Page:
How long should volunteers be expected to wait up for us slowpokes? Volunteers work many unpaid hours; they cannot be expected to give even more time than they already do.
Nevertheless, it has been frustrating and stress-inducing to struggle to make cut offs at almost every ultra I run.
I am and always have been slow. As a child, even the fat out-of-shape kids would often beat me racing across the playground. It was embarrasing. I was the slowest or second slowest runner on my high school cross country team.
And yet, despite my slowness, I have always loved running. I love the feeling I get when the miles float on by, the feeling of being part of nature, and the feeling as if….almost… I could run forever.
It wasn’t until I was a young adult that I discovered that I have a medical condition I was born with which prevents me from going fast. At higher rates of speed, I become much more breathless than most people. When my heart rate goes up, it becomes even worse. No matter how hard I train, there is no way around it.
Once one of my physicians asked me, “Do you have any exercise intolerance?”
Unsure of exactly how to answer that question, I replied, “Well sure, sometimes I am exercise intolerant.”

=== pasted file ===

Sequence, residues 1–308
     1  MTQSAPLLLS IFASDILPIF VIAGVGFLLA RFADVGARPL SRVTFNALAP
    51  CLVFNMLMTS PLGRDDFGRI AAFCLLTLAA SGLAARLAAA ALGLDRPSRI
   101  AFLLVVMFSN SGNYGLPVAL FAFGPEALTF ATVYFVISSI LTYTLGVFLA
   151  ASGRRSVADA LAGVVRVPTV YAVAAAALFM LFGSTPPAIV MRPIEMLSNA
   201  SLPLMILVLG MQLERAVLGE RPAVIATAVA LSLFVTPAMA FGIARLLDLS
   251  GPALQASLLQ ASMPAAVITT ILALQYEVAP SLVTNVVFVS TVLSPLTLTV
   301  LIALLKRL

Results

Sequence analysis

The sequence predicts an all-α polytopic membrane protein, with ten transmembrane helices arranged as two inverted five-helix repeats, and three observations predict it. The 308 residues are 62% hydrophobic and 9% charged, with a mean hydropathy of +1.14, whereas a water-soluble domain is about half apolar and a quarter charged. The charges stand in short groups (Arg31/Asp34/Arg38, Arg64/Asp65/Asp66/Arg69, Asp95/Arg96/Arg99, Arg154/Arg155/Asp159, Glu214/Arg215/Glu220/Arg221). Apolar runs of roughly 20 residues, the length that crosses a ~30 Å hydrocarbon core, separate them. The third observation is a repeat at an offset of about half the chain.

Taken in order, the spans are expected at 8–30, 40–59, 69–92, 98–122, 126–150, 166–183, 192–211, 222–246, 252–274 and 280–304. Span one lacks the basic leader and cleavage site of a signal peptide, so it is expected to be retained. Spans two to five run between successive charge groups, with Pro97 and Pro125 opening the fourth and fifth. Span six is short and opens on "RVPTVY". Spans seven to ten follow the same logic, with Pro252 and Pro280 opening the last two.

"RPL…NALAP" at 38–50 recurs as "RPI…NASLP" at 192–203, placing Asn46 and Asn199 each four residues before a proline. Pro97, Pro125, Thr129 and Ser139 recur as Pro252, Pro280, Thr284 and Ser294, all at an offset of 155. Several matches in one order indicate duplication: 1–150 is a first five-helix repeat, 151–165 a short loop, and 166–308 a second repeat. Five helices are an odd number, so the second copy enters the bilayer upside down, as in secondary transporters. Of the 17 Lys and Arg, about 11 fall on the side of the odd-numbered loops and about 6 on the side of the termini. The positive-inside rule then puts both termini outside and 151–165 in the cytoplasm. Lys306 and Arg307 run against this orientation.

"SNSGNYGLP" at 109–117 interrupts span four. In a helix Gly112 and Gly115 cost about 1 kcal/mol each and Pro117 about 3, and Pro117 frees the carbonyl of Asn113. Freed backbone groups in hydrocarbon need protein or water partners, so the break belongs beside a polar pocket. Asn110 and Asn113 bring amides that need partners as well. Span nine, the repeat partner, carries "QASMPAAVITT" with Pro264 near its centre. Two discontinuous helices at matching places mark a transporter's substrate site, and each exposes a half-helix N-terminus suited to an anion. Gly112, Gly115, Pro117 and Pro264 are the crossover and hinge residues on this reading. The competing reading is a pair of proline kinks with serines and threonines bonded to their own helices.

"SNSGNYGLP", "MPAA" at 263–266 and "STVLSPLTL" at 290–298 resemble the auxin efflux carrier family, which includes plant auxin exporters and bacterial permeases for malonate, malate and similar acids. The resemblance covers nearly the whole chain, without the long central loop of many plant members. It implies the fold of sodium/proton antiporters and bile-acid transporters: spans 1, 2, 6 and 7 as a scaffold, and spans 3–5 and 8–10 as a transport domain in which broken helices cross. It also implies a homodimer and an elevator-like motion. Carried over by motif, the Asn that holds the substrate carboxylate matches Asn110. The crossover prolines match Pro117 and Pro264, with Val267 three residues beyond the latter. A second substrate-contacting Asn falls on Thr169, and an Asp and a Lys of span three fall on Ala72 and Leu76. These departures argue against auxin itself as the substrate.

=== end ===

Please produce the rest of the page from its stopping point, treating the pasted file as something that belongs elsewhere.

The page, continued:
“You do? Please tell me about it…” he asked me sounding somewhat concerned.
“Well after about 50 or so miles, I get exercise intolerant… but then doesn’t everybody?” I explained.
He shook his head and smiled, “I don’t know what to say other than I think you’re crazy! But you’re better off than sitting on the couch sedentary and gaining weight like everyone else.”
Even though I’m slow, however, I happen to be extremely determined (just ask my family). When there were setbacks along the journey of my life, I did not give up. I kept going, I kept trying. It amazes me how far I’ve come in my career and in my life in general, simply by not giving up.
And so too it has been with my running.
I might not be able to finish every race I start but I can finish many of them. In ultramarathoning, unlike footraces of other distances, I am not looked down upon because I am slow and run in the back of the pack.
Speed is way overrated. To be sure, the fastest runners at shorter distances will be the fastest at ultra-distances. However, what counts even more in ultras is your mental attitude; other skills are also essential to learn, such as taking care of your feet and how to eat/ hydrate after many hours on the trail.
On occasion and even despite my physical limitations, I’ve “beat” (I put “beat” in quotes because really, we’re not competing against anyone but ourselves) other runners who were much more physically-fit and better trained that I was. It was simply because my mental attitude, at least at that race, happened to be where it needed to be.
I am slow. It is just how I am. I’ve finally come to accept it. So what. There are worse things to be than slow.